1760 Solano Ave. Suite 309, Berkeley, CA 94707
If you’re missing one or more teeth for any reason, filling that space is vital to keep the rest of your mouth healthy. In some cases an artificial tooth can be connected to the healthy teeth around it to form a partial denture, also known as a dental bridge.
What is a Dental Bridge?
When an opening exists where one or more teeth should be, Dr. Tapaltsyan may recommend a dental bridge. Like any other bridge, these devices span a gap to connect one side of the space in your smile to the other. Dental bridges start with artificial crowns on healthy teeth to either side, with a custom-created prosthetic tooth in between to plug the gap where a tooth once was. The good news is that these prosthetic teeth, thanks to our CEREC machines, look just like natural teeth. Once the bridge is installed it’s almost impossible to tell the difference between that and any other spot in your smile.
Who Should Get a Dental Bridge?
Anyone missing one or more teeth should contact our dental office to hear about their dental bridge options in Berkeley as soon as possible. Missing teeth don’t just leave us shy about grinning widely, they also can cause serious, dangerous conditions that might jeopardize your long-term oral health.
Your mouth works best when all of its pieces are functioning together, and when one or more teeth are missing that puts unnatural stress on the rest of your mouth and gums. People who are missing teeth for long periods of time often suffer jaw shrinkage, bone loss, periodontal (gum) disease and are at risk for TMJ disorders. Gaps in your teeth also make it difficult to speak naturally, since our teeth help form the sounds we make.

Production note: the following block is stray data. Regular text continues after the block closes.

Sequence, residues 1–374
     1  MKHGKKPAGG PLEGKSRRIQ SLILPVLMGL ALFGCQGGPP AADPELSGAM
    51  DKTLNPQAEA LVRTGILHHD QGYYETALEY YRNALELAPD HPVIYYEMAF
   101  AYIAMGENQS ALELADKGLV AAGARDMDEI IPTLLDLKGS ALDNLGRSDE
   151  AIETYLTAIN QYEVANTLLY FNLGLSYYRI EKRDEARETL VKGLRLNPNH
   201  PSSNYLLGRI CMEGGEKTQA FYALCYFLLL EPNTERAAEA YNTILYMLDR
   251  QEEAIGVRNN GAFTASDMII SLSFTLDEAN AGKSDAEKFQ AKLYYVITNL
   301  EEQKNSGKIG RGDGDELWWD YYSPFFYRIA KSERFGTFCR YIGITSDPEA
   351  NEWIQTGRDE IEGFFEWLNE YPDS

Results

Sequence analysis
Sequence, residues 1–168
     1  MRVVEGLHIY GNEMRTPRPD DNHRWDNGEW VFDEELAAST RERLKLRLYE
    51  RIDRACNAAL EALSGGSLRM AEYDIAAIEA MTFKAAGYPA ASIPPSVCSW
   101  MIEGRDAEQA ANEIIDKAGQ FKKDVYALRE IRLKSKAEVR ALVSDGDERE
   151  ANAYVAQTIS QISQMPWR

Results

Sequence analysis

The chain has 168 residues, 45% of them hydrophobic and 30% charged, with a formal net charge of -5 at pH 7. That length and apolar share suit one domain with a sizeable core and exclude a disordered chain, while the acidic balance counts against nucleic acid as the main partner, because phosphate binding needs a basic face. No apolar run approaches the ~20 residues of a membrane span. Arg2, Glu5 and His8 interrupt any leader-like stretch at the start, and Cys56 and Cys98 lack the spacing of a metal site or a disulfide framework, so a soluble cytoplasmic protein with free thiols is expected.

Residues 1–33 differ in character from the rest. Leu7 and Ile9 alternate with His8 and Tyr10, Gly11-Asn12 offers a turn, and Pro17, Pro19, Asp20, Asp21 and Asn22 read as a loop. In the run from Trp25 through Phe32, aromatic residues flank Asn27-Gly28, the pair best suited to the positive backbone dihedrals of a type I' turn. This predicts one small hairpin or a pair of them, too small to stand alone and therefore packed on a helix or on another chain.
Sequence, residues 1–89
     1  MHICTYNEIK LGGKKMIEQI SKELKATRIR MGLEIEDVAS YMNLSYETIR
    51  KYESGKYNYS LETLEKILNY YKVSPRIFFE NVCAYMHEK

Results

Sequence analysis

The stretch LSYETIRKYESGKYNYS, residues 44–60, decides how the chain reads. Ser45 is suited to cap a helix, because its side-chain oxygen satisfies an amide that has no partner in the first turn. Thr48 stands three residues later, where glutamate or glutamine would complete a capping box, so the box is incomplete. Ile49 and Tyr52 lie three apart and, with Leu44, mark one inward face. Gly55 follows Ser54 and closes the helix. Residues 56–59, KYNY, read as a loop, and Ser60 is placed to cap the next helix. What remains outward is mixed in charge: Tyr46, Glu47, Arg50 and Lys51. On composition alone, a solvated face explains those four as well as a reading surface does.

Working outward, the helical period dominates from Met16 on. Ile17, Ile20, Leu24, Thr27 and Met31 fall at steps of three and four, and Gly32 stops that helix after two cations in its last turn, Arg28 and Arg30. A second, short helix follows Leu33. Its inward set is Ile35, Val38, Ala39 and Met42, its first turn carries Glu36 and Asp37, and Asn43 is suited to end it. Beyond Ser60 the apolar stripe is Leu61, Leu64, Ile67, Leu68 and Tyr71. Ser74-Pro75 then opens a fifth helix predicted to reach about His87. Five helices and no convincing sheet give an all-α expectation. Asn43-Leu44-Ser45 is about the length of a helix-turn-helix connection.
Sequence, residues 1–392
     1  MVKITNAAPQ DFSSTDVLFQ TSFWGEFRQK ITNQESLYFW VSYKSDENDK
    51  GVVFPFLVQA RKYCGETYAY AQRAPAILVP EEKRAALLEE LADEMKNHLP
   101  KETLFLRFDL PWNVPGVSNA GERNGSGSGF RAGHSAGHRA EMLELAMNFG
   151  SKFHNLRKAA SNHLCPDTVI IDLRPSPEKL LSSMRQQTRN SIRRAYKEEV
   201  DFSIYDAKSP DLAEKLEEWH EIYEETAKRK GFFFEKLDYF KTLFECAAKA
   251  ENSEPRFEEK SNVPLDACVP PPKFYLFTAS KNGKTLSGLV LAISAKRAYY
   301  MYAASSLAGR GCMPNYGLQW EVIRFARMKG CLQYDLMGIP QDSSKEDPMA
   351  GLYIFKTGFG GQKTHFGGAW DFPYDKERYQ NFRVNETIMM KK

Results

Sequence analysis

What to Expect When a Dental Bridge is Installed
Even if the teeth surrounding the missing tooth are healthy, Dr. Tapaltsyan will still have to carefully remove a small portion of those teeth and place a custom tooth-colored crown. In the space between, the new artificial tooth is installed and either connected to those crowns permanently (with a strong bonding) or using metal clasps, depending on the type of bridge you’re receiving.
Dental bridges can last for several years but upholding the health of the surrounding teeth is critical. If decay occurs in the teeth that hold the crowns — functioning as the bridge’s supports — the bridge may become unstable and need to be replaced. Keeping up with regular brushing and flossing, and visiting for your regular dental cleaning, is the best thing you can do to keep your bridge in place.